Deception In Theaters
"Deception" - "Are you free tonight?"
A simple enough question, but how Jonathan McQuarry (EWAN McGREGOR) answers it will change his life forever. A corporate auditor adrift in a sea of New York's power elite, Jonathan's work is his entire life. But a chance meeting with Wyatt Bose (HUGH JACKMAN), a charismatic corporate lawyer, introduces Jonathan to a decadent playground for Manhattan's executive upper crust. For these power brokers, whose eighteen-hour workdays leave no time for a personal life, there's "The List" (the original title of 'Deception") - a sex club, of sorts, where the right cell-phone number and four simple words ("Are you free tonight?") can lead to an evening's sexual fulfillment.
It's a world of "intimacy without intricacy," as Jonathan's first conquest (or vice versa) explains to him, and through The List Jonathan discovers a side of himself that he didn't know existed. But an affair with a ravishing and mysterious stranger known to Jonathan only by her first initial 'S' (MICHELLE WILLIAMS), will expose him to yet another world he never imagined - one of betrayal, treachery and murder.
This is the first movie in which Michelle Williams, the mother of the late 's daughter, can be seen on the big screen.
STARRING: , Ewan McGregor, Michelle Wiliams, Maggie Q, Natasha Henstridge
DIRECTOR: Marcel Langenegger
STUDIO: 20th Century Fox
RATING: R (For nudity, language, drugs, sex)
Behind The Scenes
"Deception's" thriller elements, and the way they are tied to its theme of solitude, intrigued director Marcel Langenegger. "It was such a great, smart script, with intriguing mind games. And Jonathan is so susceptible to such things, I think, because he's so lonely. You can really feel his loneliness."
Screenwriter Mark Bomback () had first pitched "Deception" to producer Arnold Rifkin, over coffee. "I bought it before our cups were empty," says Rifkin, who was drawn to the thriller's unconventional elements and characters. "The innocence of the story really got to me," Rifkin says. "This young man, Jonathan, leads a life of anonymity. There are thousands and thousands of people like Jonathan, people who are cut off from others, who are stuck being alone."
Producer John Palermo sees "Deception" as something of a throwback to an earlier era of filmmaking. "I think the film is proof that thrillers can actually be character-driven stories," Palermo says, "with themes that are relevant and with characters you care about."
Hugh Jackman, who stars as Wyatt Bose, a lawyer who pulls Jonathan out of his psychological confinement, appreciated the story's new take on the sexual thriller. "I thought there was something very fresh about the script," Jackman says. "It was smart and sexy, and it takes you to a world that you never get to see. Many thrillers push credibility to the limit. But I thought that this is something that could happen; this world could exist. Because even with our cell phones and our Blackberrys people still feel disconnected and lonely, just like Jonathan. He's someone that people can relate to, and his journey in this movie is so terrific. He really comes alive."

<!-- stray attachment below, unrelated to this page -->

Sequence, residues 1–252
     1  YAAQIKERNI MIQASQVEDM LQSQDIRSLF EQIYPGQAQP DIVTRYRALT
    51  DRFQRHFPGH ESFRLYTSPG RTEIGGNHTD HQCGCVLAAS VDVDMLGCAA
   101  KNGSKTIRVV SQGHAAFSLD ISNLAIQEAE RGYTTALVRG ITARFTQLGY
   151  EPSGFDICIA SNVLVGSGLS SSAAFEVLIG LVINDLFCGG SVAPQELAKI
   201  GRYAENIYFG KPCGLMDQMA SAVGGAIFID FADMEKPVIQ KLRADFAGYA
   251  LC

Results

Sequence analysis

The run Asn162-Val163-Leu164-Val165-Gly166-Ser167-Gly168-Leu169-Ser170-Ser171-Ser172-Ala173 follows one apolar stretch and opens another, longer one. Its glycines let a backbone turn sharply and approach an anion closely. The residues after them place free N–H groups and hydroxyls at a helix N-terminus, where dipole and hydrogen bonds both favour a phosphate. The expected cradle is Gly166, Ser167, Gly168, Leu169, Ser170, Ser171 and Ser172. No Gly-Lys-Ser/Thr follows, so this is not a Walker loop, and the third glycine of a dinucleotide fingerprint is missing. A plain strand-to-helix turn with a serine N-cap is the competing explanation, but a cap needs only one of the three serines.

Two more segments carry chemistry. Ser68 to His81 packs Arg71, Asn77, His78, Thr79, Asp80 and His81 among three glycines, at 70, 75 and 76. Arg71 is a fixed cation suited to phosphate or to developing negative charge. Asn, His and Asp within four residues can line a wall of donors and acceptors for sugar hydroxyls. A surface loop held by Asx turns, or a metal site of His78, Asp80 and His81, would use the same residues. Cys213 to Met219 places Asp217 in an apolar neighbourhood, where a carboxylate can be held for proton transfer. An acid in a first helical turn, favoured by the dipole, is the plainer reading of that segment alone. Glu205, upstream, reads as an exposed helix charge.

Ewan McGregor, who plays Jonathan, agrees. "Deception is a very well-crafted story, and I was really struck by Jonathan and how he's so cut off from life. That's not the usual sort of character to have at the heart of a thriller."
McGregor embraced the role because Jonathan is a very untraditional protagonist. "For one thing," he notes, "people have conversations in his space like he's not there. He's someone who's so cut off from the world, who hasn't allowed himself to feel emotional ties to people, that when he falls for 'S,' I think he falls really hard. It's quite a deep love story. In many respects, playing Jonathan was like an unpeeling. It was like playing a flower opening up - different levels of him becoming alive."
McGregor notes that director Langenegger, too, connected with Jonathan's journey. "Marcel has talked a lot about this idea of Jonathan being born," McGregor says. "Like him becoming alive. And "Deception" really is about the stages of that. Sometimes, through terrible experiences you can grow, and I think the nightmare of what happens to Jonathan is what allows him to come out on the other end, transformed. He's kind of set free. It's about him coming to life, really."
Life comes much easier to Jonathan's new friend, Wyatt Bose. Hugh Jackman describes the role as "a fairly Machiavellian character. He's manipulative, smart, charming, enigmatic and mysterious. Wyatt has the confidence that he owns the world. He's the kind of guy you want to be around.
Jackman, who also serves as a producer on the picture, was eager to explore the character's many facets - even completely unexpected ones. In one scene, Langenegger recalls, he decided to give Jackman a bit of "indirect direction," and so he suggested that Wyatt should think of Jonathan as a cockroach. "Hugh took that little idea, and he used it to transform the scene," Langenegger says.
"All actors love to play shadier characters," Jackman says. "And these are parts I don't get to play a lot. With Wyatt, you're not quite sure what his motives are at any point in time, you just have the feeling that, enticing and enigmatic as he is, you probably shouldn't be going along with him. It might lead to trouble."